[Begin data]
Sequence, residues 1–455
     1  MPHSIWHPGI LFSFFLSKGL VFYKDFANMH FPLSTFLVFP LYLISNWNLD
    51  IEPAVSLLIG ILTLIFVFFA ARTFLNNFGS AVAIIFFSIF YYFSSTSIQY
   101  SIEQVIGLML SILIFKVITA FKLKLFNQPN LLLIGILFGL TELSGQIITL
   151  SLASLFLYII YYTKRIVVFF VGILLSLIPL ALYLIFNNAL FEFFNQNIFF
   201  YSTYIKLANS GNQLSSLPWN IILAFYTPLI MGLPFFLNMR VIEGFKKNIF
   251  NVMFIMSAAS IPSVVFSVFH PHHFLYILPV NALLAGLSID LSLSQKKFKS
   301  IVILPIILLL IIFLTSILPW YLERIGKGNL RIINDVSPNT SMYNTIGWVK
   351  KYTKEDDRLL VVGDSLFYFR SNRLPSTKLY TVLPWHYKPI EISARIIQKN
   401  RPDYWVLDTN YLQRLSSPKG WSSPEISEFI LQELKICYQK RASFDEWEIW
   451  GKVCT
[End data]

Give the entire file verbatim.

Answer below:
Sequence, residues 1–455
     1  MPHSIWHPGI LFSFFLSKGL VFYKDFANMH FPLSTFLVFP LYLISNWNLD
    51  IEPAVSLLIG ILTLIFVFFA ARTFLNNFGS AVAIIFFSIF YYFSSTSIQY
   101  SIEQVIGLML SILIFKVITA FKLKLFNQPN LLLIGILFGL TELSGQIITL
   151  SLASLFLYII YYTKRIVVFF VGILLSLIPL ALYLIFNNAL FEFFNQNIFF
   201  YSTYIKLANS GNQLSSLPWN IILAFYTPLI MGLPFFLNMR VIEGFKKNIF
   251  NVMFIMSAAS IPSVVFSVFH PHHFLYILPV NALLAGLSID LSLSQKKFKS
   301  IVILPIILLL IIFLTSILPW YLERIGKGNL RIINDVSPNT SMYNTIGWVK
   351  KYTKEDDRLL VVGDSLFYFR SNRLPSTKLY TVLPWHYKPI EISARIIQKN
   401  RPDYWVLDTN YLQRLSSPKG WSSPEISEFI LQELKICYQK RASFDEWEIW
   451  GKVCT